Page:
AT ONE O'CLOCK ON A SUNNY AFTERNOON, LOUIS DYKES AWOKE IN HIS CAR AT A GAS STATION PARKING LOT 50 MILES NORTH OF CHATTANOOGA. He remembered leaving his North Georgia home early that morning, but he had lost almost five hours. “It’s unnerving not to know where you were or what you did,” says the athletic 49-year-old. He had developed a condition called hypoglycemic unawareness—meaning he no longer experienced trembling or other warning signs when his blood sugar began sinking to dangerously low levels.
     A healthy person has 3 million islet cells churning out insulin in the pancreas. As a teenager, Dykes suddenly, mysteriously, had none. As a type 1 diabetic, he depended on multiple daily injections, then an insulin pump, to provide the insulin his own body no longer produced. The second whammy, the terrifying onset of hypoglycemic unawareness, eventually proved a blessing, he says. It made him eligible for a new treatment at Emory, one of only a few places in the world performing transplants of islet cells harvested from the pancreases of donors. The first type 1 diabetic treated in the clinical trial at Emory had thrown away her insulin pump after one infusion of islet cells, her lifelong diabetes gone. But she was petite. At 165 pounds, the tall, lanky Dykes required three infusions, from three separate donors, before his transplanted islet cells could produce enough insulin to achieve the same miracle.
     Dykes now must take daily toxic immunosuppressive drugs to prevent rejection of his islet cells. Filled with energy, once again in control of his body and mind, Lewis says taking the drugs is a trade-off he is delighted to make. But Christian Larsen, director of the Emory Transplant Center, and colleague Thomas Pearson, director of the kidney transplant service, are not satisfied with just one kind of miracle. Their research focuses on how to trick the body into accepting foreign tissue without having to suppress the entire immune system. Promising results—first in primates and more recently in human kidney transplant recipients—are evidence that these new strategies may one day pay off.

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In search of the holy grail
in transplantation
Every year, 23,000 organ transplant recipients get a new chance at life. However, they also get a life sentence to a regimen of immunosuppressant drugs that make them more vulnerable to infectious disease, cancer, hypertension, high cholesterol levels, and ironically, rejection of their transplanted organ. Working with colleagues at Bristol-Myers Squibb, Christian Larsen and Thomas Pearson have developed a new medication called belatacept that blocks the immune response more selectively than cyclosporine, the drug currently used, thereby avoiding some of its side effects. A study at the Yerkes National Primate Research Center at Emory found that belatacept significantly prolonged survival of transplanted kidneys in rhesus macaque monkeys. A clinical trial at Emory and 19 other transplant centers around the world found that belatacept was as effective in preventing organ rejection as cyclosporine and that patients randomly selected to get the new drug had lower blood pressure, lower cholesterol, and better-functioning kidneys. It’s another giant step toward that holy grail of transplant tolerance, and clinical trials begin soon with islet cell recipients.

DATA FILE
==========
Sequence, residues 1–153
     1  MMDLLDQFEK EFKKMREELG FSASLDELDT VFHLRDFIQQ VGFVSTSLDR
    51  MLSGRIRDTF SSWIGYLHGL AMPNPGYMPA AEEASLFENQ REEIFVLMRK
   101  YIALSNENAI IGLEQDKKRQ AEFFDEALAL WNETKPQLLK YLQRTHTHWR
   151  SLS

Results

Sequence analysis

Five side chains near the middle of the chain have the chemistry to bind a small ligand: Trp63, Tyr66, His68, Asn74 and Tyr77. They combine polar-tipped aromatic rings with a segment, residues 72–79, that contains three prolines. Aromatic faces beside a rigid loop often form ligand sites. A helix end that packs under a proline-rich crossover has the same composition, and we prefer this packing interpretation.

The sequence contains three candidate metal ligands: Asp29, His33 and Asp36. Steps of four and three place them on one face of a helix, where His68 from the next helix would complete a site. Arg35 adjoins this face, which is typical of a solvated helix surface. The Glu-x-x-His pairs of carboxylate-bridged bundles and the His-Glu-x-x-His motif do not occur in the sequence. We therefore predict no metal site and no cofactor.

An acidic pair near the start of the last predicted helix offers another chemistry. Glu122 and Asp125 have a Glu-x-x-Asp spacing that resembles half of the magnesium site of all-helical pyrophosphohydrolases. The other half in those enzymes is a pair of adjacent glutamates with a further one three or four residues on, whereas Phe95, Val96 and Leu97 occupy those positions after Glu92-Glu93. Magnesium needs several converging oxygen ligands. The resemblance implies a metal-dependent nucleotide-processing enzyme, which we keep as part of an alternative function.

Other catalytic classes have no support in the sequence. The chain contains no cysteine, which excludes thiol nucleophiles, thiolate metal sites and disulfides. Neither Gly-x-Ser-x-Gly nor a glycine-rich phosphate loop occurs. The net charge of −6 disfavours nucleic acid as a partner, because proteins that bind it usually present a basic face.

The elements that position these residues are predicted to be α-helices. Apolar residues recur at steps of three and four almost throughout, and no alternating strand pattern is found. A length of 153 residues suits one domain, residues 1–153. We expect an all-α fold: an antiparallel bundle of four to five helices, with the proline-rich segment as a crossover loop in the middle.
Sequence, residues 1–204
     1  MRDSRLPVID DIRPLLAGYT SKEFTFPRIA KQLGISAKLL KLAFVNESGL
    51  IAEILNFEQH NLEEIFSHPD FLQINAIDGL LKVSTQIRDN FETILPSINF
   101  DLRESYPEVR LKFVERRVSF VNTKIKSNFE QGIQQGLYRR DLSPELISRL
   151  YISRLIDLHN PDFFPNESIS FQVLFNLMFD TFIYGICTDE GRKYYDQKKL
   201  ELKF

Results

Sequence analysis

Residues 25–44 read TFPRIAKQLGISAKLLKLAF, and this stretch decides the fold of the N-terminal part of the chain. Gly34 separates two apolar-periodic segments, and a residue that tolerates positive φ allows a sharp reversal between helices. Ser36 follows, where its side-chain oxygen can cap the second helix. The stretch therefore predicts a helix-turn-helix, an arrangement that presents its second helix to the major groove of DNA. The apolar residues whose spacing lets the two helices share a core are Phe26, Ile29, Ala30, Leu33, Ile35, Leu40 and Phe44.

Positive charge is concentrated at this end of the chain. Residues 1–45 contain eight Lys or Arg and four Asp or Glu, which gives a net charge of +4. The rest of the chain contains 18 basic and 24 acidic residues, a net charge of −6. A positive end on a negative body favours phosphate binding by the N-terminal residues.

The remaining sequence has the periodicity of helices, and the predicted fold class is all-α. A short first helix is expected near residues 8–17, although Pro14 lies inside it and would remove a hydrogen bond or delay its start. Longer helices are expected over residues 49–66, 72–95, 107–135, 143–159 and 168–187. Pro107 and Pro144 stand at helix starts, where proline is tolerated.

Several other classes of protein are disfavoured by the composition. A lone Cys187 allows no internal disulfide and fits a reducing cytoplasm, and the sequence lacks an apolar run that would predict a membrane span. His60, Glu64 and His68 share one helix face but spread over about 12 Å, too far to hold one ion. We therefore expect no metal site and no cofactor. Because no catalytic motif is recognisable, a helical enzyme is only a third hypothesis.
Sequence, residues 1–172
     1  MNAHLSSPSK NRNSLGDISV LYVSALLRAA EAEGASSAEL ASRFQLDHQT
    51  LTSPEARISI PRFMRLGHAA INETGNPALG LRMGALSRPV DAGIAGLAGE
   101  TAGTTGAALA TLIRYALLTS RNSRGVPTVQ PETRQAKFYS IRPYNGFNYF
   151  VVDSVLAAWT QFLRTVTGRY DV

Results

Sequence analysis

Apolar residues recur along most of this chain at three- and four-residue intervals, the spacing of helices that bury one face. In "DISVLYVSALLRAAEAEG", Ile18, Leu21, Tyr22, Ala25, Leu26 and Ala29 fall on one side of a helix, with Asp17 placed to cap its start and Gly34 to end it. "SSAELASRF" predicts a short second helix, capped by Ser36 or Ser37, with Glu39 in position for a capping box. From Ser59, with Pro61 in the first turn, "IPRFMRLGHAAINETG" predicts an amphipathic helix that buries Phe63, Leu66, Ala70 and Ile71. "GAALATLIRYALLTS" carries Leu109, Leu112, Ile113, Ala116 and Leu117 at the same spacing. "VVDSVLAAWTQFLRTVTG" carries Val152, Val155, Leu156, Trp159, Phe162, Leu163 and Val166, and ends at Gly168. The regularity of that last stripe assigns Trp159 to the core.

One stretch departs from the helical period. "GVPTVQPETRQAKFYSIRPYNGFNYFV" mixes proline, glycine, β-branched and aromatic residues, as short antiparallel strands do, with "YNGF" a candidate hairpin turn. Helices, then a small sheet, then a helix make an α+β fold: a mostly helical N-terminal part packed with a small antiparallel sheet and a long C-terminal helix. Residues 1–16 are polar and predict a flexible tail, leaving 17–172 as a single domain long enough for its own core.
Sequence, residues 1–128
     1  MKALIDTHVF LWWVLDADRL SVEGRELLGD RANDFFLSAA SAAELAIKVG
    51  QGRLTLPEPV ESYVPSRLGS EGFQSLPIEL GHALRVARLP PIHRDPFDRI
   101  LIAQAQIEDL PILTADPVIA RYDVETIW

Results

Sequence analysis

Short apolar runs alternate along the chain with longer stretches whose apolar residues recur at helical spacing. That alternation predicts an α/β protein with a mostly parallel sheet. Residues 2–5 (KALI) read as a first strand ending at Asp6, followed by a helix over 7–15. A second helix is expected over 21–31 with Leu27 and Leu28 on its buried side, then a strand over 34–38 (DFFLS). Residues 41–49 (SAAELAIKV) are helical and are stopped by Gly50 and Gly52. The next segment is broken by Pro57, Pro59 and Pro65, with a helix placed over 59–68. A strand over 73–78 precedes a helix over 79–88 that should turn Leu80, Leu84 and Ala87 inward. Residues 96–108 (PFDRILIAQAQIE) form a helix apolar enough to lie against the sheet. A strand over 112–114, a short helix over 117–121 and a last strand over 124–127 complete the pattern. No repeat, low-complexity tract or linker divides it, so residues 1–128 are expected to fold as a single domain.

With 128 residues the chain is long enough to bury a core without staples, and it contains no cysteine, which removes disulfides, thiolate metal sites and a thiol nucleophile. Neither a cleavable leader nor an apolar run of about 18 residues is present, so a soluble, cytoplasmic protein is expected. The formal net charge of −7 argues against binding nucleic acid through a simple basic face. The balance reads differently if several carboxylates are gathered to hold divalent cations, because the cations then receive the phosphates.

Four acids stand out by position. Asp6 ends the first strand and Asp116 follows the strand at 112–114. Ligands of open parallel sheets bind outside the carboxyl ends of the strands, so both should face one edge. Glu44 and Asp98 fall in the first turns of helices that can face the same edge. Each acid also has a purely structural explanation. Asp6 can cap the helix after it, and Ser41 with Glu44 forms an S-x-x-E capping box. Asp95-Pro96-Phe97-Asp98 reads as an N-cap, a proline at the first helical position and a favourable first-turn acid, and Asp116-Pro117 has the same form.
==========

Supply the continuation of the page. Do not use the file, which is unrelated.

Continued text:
Build for the future:
> AGREE TO BE AN ORGAN DONOR. Check the box on your driver’s license and tell your family your wishes. Emory’s research accomplishments in islet cell transplantation—as well as those in heart, lung, and other organs—would have been impossible without the generosity and foresight of organ donors.
> HELP SOMEONE AT THE TOP OF THEIR FIELD. Professorships created by $1 million endowments are vital in providing clinicians enough time to teach or perform research while continuing the work that made them candidates for professorships in the first place.
> ENHANCE THE IMMUNE SYSTEM. Or more precisely, enhance a new center learning how to do that. The Lowance Center for Human Immunology is developing tools to measure immune function in both healthy and sick people, and not just in traditional immune disorders such as allergy, transplant rejection, and rheumatoid arthritis but also in diseases like atherosclerosis, cancer, and Alzheimer’s.
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